“The King gave him the Order of the Elephant?” I said, giving up on trying to speak Danish. I’d heard that King Frederick protested against an Nazi order for all Jews to wear the Star of David by coming out of his palace and walking about Copenhagen with the Star of David on his jacket.

“Because of the Jews,” the guard said. He explained, in English and Danish, with hand gestures. The Nazi ordered the Germans patrolling the Sound between Denmark and Sweden that when they heard little boats, they were to aim their guns high. “The commandant’s order allowed our Jews to go to neutral Sweden. If he had not given that order, none of our Jews would have escaped.”

Of the thousands of Jews living in Denmark before the German Occupation, only a few were caught and sent to Nazi death camps.

Then he asked me, “How did you learn Danish?” (Very few Americans speak Danish. Wally, all of whose ancestors came from Denmark, could not even pronounce his name in Danish.”
“From records,” I said, turning my hand like a disk on a record player.
“I try to learn Japanese,” he said. “I have a book, but it is difficult.”
“Try to get some records,” I said. “The records help, but I still wish I could speak Danish better.”
“Denmark is a small country,” he said. “We have many Japanese tourists here. I want to help my country by greeting them in their own language. I want to help my country any way I can.”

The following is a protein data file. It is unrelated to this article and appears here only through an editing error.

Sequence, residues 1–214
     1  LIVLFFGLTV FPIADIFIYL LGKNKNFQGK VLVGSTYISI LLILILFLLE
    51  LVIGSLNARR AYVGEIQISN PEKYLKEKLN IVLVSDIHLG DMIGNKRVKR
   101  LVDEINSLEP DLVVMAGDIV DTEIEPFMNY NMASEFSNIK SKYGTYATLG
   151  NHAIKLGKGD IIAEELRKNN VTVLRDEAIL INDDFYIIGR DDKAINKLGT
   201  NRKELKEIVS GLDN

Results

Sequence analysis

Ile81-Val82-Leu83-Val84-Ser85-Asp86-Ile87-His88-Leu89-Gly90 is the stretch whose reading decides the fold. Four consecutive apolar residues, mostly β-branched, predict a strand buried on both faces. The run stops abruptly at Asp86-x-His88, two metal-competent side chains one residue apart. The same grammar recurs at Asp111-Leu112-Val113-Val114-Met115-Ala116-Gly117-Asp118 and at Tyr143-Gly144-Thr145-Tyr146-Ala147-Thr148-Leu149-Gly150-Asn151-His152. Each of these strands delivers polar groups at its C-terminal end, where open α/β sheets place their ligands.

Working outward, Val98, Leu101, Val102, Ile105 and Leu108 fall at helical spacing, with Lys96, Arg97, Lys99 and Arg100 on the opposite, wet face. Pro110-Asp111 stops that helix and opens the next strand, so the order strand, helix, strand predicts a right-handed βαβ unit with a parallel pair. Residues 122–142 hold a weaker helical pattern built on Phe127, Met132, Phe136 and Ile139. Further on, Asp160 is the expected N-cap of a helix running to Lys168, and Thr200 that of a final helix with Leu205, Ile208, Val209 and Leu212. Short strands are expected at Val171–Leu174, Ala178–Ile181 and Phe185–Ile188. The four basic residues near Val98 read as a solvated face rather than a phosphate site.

People say to me, “I don’t need to travel. All I need to know I can learn in Texas.” I tell them, “Go to foreign countries. Talk to people. You’ll learn a lot that’s not in books or on television. In Denmark I was surprised by naked women on a church ceiling and by an English-speaking palace guard, who wanted to learn Japanese.”

Wednesday, May 11, 2011

Christian IV's Palace

Before I went to Denmark I knew little about the history of this small Northern European country, but as soon as Wally and I arrived in Copenhagen, I heard about Christian IV, King of Denmark from 1603 to 1648. In his homeland, he is their most famous monarch.

Christian’s sister Anne married King James VI of Scotland. When Elizabeth I died, Anne’s husband became James I of England, uniting the two kingdoms. He authorized a new translation of the Bible – hence the “King James Bible”.

As a young man, Christian IV visited his sister Anne and her husband in England. The King and Queen entertained him at Hampton Court Palace. (Is that where to “entertain someone royally” comes from?) Christian was impressed by this magnificent English palace, with its many large, extravagantly decorated rooms. Nothing like this in Denmark, where kings still lived in that gloomy Medieval Rosenborg Castle in Copenhagen. Christian went home and built Fredicksborg, the fairy tale castle where Wally and I picnicked with the swans.

Next time you are in England, go to Hampton Court. You’ll be impressed, too. Christian IV went home and tried to outdo the English in building new palaces. Billionaires now build megamansions all over the U.S., but so far nothing to equal the royal palaces in Europe.

In Copenhagen, Christian IV built Christiansborg Palace. Two hundred years later the English destroyed it, along with the rest of Copenhagen. That put a temporary strain on British-Danish relations. The Danes rebuilt Christiansborg, with those beautiful floors of hardwood from America.

Fredicksborg Castle, Christian IV’s summer palace, looks just as it did the 1600's. It is a Baroque extravaganza, only a bit smaller but equal in lavishness to Hampton Court and Versailles. As the Michelin Guide says, “Worth a Visit”. Especially on a sunny summer afternoon.

You and I may not be kings or queens, but commoners, like you and me, can tramp through their palaces and gawk at their fine rooms, even their bedrooms, any day of the week. All you need is air fare to go to Europe.

Sunday, May 8, 2011

Picnic in Denmark